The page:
The Emerging Church

Church: Old and New

The Emerging Church
Monday, October 28, 2019

I do believe that what some refer to as the “emerging church” is a movement of the Holy Spirit. Movements are the energy-building stages of things, before they become monuments, museums, or machines. In the last sixty years, several significant events have taken place, both within and alongside the various Christian churches, to foster this movement. Spiritual globalization is allowing churches worldwide to profit from these breakthroughs at approximately the same time, which of itself is a new kind of reformation! No one is directing, controlling, or limiting this movement. We are just trying to listen together. It is happening almost in spite of all of us—which tells me the Spirit must be guiding.

Just so you know I am not merely arguing for my own agenda within the Catholic Church, I want to briefly identify some of the historical developments that I see propelling this movement throughout Christianity:

  1. Our awareness is broadening, recognizing that Jesus was clearly teaching nonviolence, simplicity of lifestyle, peacemaking, love of creation, and letting go of ego, both for individuals and groups. More and more Christians are now acknowledging Jesus’ radical social critique to the systems of domination, money, and power. In the past, most of Jesus’ practical teaching was ignored by Catholic, Orthodox, and Protestant Christians. The establishment chose instead to concentrate on private sinfulness and personal salvation and, as Brian McLaren says, on an “evacuation plan” into the next world.
  2. There is a common-sense and growing recognition that Jesus was clearly concerned about the specific healing and transformation of real persons and human society “on earth as it is in heaven.” The Church, more than Jesus, historically focused on doctrinal belief and moral stances, which ask almost nothing of us in terms of real change. They just define groups—often in an oppositional way.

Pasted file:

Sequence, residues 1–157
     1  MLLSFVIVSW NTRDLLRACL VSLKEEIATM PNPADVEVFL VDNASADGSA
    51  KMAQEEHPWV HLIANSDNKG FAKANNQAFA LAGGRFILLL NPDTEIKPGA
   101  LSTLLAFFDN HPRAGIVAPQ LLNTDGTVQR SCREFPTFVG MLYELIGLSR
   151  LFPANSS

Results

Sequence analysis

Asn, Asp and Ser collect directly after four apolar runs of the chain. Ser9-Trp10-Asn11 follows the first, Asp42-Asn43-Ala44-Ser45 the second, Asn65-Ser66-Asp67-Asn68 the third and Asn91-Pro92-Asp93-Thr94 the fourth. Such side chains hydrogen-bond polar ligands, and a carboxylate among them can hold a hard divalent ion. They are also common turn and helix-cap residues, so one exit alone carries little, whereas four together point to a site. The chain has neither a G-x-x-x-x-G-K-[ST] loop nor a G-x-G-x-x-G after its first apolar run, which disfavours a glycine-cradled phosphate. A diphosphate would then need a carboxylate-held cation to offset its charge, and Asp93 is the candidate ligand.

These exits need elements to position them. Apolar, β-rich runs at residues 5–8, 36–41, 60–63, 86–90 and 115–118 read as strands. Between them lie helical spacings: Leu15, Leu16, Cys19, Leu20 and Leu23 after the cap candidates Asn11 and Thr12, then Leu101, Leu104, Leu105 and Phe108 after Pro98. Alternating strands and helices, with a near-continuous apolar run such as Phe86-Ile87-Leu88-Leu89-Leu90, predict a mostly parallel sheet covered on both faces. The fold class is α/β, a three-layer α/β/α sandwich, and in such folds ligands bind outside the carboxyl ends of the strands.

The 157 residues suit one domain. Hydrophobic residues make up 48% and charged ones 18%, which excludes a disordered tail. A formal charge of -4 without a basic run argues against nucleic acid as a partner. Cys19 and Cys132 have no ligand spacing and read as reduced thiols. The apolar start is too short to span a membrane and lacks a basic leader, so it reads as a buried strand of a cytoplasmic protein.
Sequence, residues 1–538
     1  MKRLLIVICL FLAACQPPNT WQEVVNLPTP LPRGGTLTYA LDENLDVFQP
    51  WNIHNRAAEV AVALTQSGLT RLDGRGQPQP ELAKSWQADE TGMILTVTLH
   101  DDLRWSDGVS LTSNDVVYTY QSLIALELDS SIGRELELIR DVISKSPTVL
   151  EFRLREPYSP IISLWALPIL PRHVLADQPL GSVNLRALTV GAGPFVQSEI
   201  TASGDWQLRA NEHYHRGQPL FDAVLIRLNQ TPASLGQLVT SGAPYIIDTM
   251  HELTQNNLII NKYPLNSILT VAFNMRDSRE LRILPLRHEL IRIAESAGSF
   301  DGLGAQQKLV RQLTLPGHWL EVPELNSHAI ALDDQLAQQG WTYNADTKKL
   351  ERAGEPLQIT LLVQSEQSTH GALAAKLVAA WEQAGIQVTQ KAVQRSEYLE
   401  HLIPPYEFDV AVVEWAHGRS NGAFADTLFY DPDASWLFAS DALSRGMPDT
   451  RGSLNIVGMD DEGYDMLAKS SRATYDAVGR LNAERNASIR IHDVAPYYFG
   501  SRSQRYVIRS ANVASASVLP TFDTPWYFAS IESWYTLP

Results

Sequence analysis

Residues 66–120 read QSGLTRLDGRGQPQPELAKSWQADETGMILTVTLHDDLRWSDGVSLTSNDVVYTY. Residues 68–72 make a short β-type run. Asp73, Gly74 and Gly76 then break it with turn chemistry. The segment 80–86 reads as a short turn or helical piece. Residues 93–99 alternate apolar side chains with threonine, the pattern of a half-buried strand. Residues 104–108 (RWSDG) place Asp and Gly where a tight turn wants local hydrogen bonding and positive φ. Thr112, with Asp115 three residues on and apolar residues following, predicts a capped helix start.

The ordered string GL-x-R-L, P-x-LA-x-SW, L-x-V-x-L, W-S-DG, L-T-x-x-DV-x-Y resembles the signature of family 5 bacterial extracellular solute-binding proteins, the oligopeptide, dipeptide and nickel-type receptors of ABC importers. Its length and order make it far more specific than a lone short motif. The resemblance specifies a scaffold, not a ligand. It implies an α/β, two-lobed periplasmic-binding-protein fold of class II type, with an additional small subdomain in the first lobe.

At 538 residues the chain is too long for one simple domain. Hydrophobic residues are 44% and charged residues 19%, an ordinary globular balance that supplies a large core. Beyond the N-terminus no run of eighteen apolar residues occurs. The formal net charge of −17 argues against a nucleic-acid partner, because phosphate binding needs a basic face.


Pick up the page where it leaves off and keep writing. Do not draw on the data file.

3. We are recovering the older and essential contemplative tradition within Christianity, starting with Thomas Merton in the 1950s, and now spreading to numerous denominations, like a “treasure hidden in the field” (Matthew 13:44). Some emerging church leaders have yet to grasp the centrality of contemplative and inner wisdom.
  4. Critical biblical scholarship is occurring on a broad ecumenical level, especially honest historical and anthropological scholarship about Jesus as a Jew in the culture of his time. This leads us far beyond the liberal reductionism and the conservative fundamentalism that divide so many churches. We now see the liberal/conservative divide as a bogus and finally unhelpful framing of the issues.

While these may not seem like significant changes in and of themselves, together they are causing sea changes in modern theology as well as practice. These shifts may be the very reason we are currently so divided as Christians, with some clinging to an older way of doing and thinking while others are pulling in these new and “emerging” directions.

Reference:

Adapted from Richard Rohr, “The Emerging Church: Beyond Fight or Flight,” Radical Grace, vol. 21, no. 4 (Center for Action and Contemplation: 2008), 3.

Image credit: Palm Sunday (detail), Sinkiang, 683-770 CE, Nestorian Temple, Qocho (Xinjiang), China.
Inspiration for this week’s banner image: Now that new voices are being enunciated about Jesus by those . . . outside the traditional framework of Christianity, he must be experiencing an emancipation from the confinement of orthodoxy that has immobilized him. —Choan-Seng Song
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